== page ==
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Ford v. Grizzle, No. 5-08-185 (2-17-10) involved a Suit filed for injuries sustained in rear-end car accident; jury verdict for Defendant. Court properly allowed evidence of Plaintiff’s three prior car accidents and back and neck injuries, including one accident for which he continued to treat following accident in question; and photographs of Plaintiff’s vehicle, which showed no damage. Vehicle photos could help jury to assess relationship between vehicle damage and injuries, without aid of expert. Not error to allow Defendant’s closing argument remarks that Plaintiff initially sought medical bills for all three accidents, but was asking jury for only those bills related to accident in question; remarks did not infer settlement negotiations or offers. This Illinois case will have an impact on automobile accident law.

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A Chicago car accident that occurred earlier today resulted in the death of one man and left two others with severe personal injuries. The car accident occurred on West Congress Parkway following a police chase that began when police tried to question a man they believed might have been attempting to break into a car, and the man then jumped in a car that then sped away. According to the Chicago Sun Times, the cops were then pursuing the car and the car lost control and crashed into a tree. At this point, the investigation of the car accident and chase are still under investigation.

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Illinois Public Act 96-143 creates a new offense of operating an uninsured motor vehicle that causes bodily harm to another person. It will now be a Class A misdemeanor under the Vehicle Code. The language states that if a person “causes, as a proximate result of the person’s operation of the motor vehicle, bodily harm to another person” they will have violated the statute. This new statute will greatly affect car accident cases in Illinois. To read the entire statute, please click the link.

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Simmons v. Homatas, No. 108108 presented the question as to whether the trial court properly found that plaintiffs stated valid common-law negligence action against defendant (owner of gentleman’s club that had no liquor license and sold no liquor) where plaintiffs alleged that defendant required obviously intoxicated patron (who brought own liquor to club) to leave its premises and drive away in patron’s own car, and where patron was subsequently involved in accident that had killed plaintiffs’ decedents. Appellate Court found that plaintiffs could state viable negligence action under section 876 of Restatement (Second) of Torts, while defendant argued that plaintiffs’ only cause of action, if any, was under Dram Shop Act. This case will greatly affect automobile accident cases.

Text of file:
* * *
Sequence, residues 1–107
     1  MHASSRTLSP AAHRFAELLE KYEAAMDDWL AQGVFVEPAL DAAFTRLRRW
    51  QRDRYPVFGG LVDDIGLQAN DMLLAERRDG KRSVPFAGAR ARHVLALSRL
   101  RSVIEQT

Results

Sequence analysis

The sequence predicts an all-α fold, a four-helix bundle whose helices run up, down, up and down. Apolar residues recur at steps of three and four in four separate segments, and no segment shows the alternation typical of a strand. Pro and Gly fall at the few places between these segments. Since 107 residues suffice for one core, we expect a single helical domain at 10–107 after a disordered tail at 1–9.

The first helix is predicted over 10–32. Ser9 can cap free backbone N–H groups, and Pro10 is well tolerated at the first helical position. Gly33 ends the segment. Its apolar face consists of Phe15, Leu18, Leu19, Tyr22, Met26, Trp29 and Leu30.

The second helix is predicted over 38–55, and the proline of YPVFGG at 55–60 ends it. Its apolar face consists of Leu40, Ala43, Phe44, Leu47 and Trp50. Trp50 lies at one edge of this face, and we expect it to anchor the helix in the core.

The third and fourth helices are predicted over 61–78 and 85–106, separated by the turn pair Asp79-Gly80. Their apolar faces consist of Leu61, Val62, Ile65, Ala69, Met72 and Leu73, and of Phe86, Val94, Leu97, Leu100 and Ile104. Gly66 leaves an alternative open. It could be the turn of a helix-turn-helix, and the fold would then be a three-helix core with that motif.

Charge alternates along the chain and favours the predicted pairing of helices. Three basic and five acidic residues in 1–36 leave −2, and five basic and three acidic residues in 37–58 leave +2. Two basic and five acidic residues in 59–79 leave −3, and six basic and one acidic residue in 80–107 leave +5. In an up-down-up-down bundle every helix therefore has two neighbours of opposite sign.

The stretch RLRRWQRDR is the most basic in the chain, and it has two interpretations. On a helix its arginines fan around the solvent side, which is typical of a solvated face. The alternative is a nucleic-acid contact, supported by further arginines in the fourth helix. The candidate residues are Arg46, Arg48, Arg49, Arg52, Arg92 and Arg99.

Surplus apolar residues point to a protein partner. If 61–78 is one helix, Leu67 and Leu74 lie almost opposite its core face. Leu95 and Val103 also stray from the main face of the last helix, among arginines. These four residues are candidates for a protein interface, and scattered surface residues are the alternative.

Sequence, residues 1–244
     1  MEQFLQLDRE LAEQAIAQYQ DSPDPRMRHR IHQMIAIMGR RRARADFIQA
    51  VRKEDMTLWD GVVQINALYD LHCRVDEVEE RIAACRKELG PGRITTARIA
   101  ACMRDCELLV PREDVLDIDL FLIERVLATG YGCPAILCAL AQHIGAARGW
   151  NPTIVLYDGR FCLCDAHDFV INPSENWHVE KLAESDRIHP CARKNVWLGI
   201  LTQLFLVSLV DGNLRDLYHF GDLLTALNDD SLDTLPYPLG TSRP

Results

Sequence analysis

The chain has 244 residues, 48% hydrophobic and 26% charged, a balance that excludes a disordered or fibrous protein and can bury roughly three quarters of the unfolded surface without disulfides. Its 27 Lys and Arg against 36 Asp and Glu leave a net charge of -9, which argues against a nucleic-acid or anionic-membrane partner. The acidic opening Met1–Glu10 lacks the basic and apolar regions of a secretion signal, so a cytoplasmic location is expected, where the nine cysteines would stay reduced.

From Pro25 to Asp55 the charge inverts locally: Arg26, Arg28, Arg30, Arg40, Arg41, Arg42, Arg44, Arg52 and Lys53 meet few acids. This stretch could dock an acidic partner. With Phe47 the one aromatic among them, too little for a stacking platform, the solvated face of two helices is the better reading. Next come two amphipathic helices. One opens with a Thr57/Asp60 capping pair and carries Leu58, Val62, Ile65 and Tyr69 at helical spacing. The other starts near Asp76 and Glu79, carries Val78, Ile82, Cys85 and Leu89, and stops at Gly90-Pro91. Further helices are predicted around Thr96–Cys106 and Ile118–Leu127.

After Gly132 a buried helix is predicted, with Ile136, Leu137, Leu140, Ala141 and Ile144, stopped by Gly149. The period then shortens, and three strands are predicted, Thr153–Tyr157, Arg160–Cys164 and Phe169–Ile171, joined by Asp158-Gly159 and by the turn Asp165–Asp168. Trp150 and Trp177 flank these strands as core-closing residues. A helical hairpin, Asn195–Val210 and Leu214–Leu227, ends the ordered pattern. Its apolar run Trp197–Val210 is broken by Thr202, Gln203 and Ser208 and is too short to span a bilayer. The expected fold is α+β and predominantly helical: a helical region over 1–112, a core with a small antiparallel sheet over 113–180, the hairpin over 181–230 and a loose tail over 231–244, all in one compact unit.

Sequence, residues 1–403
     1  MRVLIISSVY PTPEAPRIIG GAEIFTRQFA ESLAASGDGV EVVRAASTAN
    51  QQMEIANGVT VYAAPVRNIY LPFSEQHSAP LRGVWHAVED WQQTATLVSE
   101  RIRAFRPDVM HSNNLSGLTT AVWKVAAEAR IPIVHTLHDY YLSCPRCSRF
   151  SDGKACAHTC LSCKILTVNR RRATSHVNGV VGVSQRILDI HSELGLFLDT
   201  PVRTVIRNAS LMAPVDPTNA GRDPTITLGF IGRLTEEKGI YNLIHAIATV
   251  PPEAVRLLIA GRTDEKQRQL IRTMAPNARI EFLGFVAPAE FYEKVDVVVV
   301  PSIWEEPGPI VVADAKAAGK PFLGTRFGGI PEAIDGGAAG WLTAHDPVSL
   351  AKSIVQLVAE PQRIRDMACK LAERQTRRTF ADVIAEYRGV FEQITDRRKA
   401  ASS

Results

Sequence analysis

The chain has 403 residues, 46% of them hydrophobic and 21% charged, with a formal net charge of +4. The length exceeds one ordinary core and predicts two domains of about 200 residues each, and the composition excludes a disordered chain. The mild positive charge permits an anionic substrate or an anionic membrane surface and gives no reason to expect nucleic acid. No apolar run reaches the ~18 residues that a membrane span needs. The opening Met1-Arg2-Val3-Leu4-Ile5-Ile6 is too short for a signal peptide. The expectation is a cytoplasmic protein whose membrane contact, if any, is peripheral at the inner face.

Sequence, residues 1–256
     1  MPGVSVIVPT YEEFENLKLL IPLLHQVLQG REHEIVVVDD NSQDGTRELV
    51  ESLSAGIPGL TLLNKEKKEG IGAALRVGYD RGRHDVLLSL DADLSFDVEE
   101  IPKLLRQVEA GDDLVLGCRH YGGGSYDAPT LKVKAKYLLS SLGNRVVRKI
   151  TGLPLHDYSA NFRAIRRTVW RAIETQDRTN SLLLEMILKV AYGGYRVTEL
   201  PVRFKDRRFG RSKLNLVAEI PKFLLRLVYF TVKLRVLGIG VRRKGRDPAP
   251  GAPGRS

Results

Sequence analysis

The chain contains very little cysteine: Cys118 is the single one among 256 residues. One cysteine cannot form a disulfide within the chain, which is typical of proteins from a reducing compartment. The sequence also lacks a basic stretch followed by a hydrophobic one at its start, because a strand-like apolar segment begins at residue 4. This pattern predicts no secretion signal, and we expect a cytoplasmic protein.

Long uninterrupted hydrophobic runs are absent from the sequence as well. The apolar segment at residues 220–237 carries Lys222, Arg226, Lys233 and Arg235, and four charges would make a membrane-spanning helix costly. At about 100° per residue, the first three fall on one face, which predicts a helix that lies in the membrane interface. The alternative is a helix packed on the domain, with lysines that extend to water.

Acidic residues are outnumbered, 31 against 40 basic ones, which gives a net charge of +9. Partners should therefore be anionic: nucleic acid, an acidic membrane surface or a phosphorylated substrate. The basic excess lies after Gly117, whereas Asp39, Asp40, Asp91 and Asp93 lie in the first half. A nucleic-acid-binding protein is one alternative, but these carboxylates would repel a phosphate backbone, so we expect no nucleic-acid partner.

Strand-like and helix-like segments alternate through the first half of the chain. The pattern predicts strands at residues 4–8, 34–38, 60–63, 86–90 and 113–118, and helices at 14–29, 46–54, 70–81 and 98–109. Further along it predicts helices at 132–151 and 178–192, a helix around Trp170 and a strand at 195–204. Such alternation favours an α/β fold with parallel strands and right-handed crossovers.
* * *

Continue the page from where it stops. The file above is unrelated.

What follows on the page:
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Public Citizen, a consumer watchgroup involved in promoting driving safety and decreasing car accidents, has filed a petition to the National Highway Safety Administration to reconsider the rules propounded designating seating positions and seat belt assembly. The rule is due to take effect next month. Public Citizen objects to the inadequate safety standards.

To sign the petition.

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On October 11, 2008 in Springfield, Illinois the ISBA Administrative Law Section, the General Practice, Solo & Small Firm Section, and the Standing Committee on Delivery of Legal Services will be hosting an opportunity for Continuing Legal Education. The program regards representing your client in drivers licensing issues at the Secretary of State. Topics will include how a person loses privileges and how those privileges can get restored in addition to other issues regarding licensing. These topics are helpful to Illinois personal injury attorneys as drivers’ licensing ramifications often follow car accidents.

For more information.